France: Risk Assessment
Country Risk Rating
Business Climate Rating
- Quality of infrastructures and public services
- Skilled and productive workforce, dynamic demographics
- Competitive international companies (aerospace, energy, environment, pharmaceuticals, luxury, agrofood, retail)
- Global agriculture leader
- High levels of savings
- Insufficient number of exporting companies, loss of competitiveness and market share
- Weakening level of product sophistication, insufficient focus on innovation
- Low employment rate among young and older people
- High public indebtedness
- Tourism sector weakened by risks of terrorism
Growth has found its level
Growth in the economy was consolidated in 2016. Domestic demand was cemented, thanks in particular to a level of household consumption that remains high. In 2017, it looks set to stay relatively high, buoyed by falling unemployment (expected at 9.3% at the end of 2017), a rise in real wages (+1.5%) and access to cheap consumer credit. These low levels will also benefit to residential investment, which should accelerate. The outlook here looks better: the number of construction permits issued in 2016 grew by over 10%. Meanwhile, business opinion surveys point to a good level of confidence in the economy. However, businesses are not minded to invest in 2017, according to an October 2016 INSEE survey. Modernization of existing production facilities would be the first reason for investment in 2017. However, company debt is not forecast to grow in 2017, and the Credit Tax for Competitiveness and Employment (CICE) and low energy costs enabled businesses to grow their margins by around 31.5% in 2016. The 2017 draft finance bill includes new business-friendly measures worth €5bn (0.2% of GDP), including a cut in corporation tax to 28% for small and medium-sized firms. Bankruptcies are therefore predicted to fall slightly in 2017 (-1% after a 3.8% fall in 2016) and the growth in start-ups since 1 January 2014 (+12% average annual growth since 2014) will continue. Nonetheless, some sectors will not benefit from this drop in bankruptcies: textile-clothing, hotel and catering, and transportation. While hotel and catering and transportation are impacted by the growing collaborative economy, which is forcing traditional players to adapt, clothing is running at over-capacity as a result of the growth of online shopping. According to Fevad, online shopping grew by 6.8% compared with the first half of 2015, but shrank by 1.6% overall.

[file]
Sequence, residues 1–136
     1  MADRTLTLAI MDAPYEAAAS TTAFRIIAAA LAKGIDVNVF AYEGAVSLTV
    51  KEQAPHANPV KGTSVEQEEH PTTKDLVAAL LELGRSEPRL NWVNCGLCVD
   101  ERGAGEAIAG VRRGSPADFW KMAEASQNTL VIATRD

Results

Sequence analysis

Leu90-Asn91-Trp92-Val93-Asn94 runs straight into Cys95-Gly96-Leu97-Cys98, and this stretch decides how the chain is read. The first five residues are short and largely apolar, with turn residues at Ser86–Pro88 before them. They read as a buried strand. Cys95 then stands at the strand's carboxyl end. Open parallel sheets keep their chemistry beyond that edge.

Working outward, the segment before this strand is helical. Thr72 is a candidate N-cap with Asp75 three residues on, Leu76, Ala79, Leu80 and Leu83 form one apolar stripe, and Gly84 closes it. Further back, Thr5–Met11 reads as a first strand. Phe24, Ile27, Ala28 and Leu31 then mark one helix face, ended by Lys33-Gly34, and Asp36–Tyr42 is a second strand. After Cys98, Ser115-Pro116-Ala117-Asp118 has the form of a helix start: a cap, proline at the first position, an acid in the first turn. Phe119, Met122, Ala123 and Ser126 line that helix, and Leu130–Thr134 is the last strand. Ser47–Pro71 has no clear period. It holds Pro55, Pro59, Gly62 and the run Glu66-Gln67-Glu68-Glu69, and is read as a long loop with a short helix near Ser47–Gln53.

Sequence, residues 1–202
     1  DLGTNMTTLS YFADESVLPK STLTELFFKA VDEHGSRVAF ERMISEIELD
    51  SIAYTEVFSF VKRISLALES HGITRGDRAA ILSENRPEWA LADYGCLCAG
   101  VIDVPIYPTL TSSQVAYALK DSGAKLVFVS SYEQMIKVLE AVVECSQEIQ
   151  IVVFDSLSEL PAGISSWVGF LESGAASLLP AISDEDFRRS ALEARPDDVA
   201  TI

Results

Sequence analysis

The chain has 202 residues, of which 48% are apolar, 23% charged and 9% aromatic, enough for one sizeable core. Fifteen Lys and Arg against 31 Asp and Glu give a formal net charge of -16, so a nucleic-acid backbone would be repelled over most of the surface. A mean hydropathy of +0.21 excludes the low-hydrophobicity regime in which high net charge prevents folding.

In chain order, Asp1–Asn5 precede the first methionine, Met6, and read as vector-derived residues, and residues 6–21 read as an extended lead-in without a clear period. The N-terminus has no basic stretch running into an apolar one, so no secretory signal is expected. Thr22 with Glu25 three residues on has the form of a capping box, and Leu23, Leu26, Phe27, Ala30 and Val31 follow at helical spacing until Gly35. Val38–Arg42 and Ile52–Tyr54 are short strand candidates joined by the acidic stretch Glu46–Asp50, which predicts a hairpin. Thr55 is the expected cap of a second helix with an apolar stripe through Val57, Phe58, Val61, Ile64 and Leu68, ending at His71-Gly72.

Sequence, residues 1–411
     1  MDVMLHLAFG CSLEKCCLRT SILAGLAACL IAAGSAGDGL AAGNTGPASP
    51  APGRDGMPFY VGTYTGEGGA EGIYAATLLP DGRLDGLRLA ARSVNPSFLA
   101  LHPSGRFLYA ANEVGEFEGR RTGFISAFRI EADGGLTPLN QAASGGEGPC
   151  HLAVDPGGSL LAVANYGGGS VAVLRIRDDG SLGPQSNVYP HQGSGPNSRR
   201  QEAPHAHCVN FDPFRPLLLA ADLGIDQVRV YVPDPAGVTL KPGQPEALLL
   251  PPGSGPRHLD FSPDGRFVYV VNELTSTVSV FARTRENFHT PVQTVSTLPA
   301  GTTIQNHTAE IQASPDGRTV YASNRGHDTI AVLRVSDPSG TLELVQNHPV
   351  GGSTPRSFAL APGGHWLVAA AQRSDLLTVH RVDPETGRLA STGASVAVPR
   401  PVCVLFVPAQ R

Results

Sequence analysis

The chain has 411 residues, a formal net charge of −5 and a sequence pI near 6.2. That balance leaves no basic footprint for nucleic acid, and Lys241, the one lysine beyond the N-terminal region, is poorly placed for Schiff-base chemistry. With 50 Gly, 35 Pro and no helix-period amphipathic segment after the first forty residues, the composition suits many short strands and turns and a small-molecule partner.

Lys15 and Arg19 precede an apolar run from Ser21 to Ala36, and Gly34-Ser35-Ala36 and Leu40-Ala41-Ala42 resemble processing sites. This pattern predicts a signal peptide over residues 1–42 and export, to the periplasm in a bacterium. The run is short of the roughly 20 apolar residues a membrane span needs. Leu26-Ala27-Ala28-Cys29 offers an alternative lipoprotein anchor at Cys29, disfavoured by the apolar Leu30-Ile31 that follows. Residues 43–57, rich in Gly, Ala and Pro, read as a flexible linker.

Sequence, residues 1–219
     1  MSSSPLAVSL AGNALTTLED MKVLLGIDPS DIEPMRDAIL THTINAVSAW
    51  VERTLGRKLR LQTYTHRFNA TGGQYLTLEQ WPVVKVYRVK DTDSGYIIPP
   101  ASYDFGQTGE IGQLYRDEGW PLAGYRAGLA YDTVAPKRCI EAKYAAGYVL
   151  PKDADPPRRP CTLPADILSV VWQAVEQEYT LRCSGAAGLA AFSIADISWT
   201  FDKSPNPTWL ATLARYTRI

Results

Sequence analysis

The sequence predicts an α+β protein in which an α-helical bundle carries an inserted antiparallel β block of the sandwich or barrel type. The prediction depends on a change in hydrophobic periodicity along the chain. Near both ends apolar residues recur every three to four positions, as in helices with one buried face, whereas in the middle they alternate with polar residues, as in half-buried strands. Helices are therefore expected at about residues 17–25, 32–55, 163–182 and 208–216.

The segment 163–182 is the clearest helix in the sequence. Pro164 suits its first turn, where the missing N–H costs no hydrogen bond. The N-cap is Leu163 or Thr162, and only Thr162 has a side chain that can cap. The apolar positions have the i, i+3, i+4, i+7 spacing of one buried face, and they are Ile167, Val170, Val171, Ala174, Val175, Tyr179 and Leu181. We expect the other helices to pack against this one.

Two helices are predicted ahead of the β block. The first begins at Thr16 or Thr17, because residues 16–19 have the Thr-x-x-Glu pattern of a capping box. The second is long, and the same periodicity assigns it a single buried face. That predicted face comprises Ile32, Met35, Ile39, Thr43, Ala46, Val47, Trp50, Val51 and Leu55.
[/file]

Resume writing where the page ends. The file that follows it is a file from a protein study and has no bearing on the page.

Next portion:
Despite the fall in oil prices no longer having any effect on prices generally, inflation should remain low because of the limited pick-up in domestic demand and persistent over-capacity (1%).
Foreign trade will continue to hamper growth
While France has become more price-competitive compared with its neighbors (low wage rises and state support via the responsibility pact and the CICE (see above)), French exports seem set to stagnate in 2017. This beneficial effect will be offset by a slowdown in business growth among France's main trading partners. For example, the UK (7% of exports) will be affected by a fall in private investment as a result of uncertainty created by the referendum of 23 June 2016. In respect of imports, while the price of a barrel of oil will remain low in 2017, it is nonetheless predicted to rise by 20% to 53 dollars on average. This will add to the price of imports, harming France's balance of trade. The balance of services will suffer from the fall in tourism revenues. This sector accounts for 7.5% of GDP, one-third of which is accounted for by foreign tourists. The attacks on France in 2015 and 2016 will continue to put downward pressure on visitor numbers to what in 2014 was the most visited country in the world. In Paris, overnight stays booked by foreign tourists in the first seven months of 2016 were down by 16%. According to the French Economic Observatory (OFCE), the impact on GDP of Brexit and the terrorist attacks will be 0.2 percentage points in 2017 compared with 0.1 in 2016.
The presidential elections will be held in April and May 2017, and outgoing President François Hollande is not standing. François Fillon, the candidate of the Les Républicains party, is the favorite to win. Marine Le Pen, the candidate of the far-right Front National party, looks best placed to join him in the second round, partly because there will be numerous left-leaning candidates. As well as the identity of the president, another source of uncertainty lies in the ability of his or her party to win an absolute majority of seats in parliament in the legislative elections in June. Coface estimates that a sharp rise in political uncertainty could shave 0.7 points off growth in one year. While the overall French business environment remains very risk-free, as in the rest of Europe the risks associated with political instability are growing. The country has fallen 17 places in five years in the World Bank's Doing Business survey, and now sits 92nd (2015) (behind Spain, 91st).